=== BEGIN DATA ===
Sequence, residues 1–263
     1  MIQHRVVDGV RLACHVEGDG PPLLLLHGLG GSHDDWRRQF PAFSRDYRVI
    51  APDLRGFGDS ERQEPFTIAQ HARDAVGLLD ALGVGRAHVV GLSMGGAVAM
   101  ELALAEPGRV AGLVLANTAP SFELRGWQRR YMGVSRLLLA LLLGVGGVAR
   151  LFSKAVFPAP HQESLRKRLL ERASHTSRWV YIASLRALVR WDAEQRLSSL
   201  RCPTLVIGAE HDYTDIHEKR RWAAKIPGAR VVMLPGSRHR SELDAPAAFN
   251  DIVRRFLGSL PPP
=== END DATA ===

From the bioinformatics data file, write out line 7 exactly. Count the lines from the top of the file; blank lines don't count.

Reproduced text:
   251  DIVRRFLGSL PPP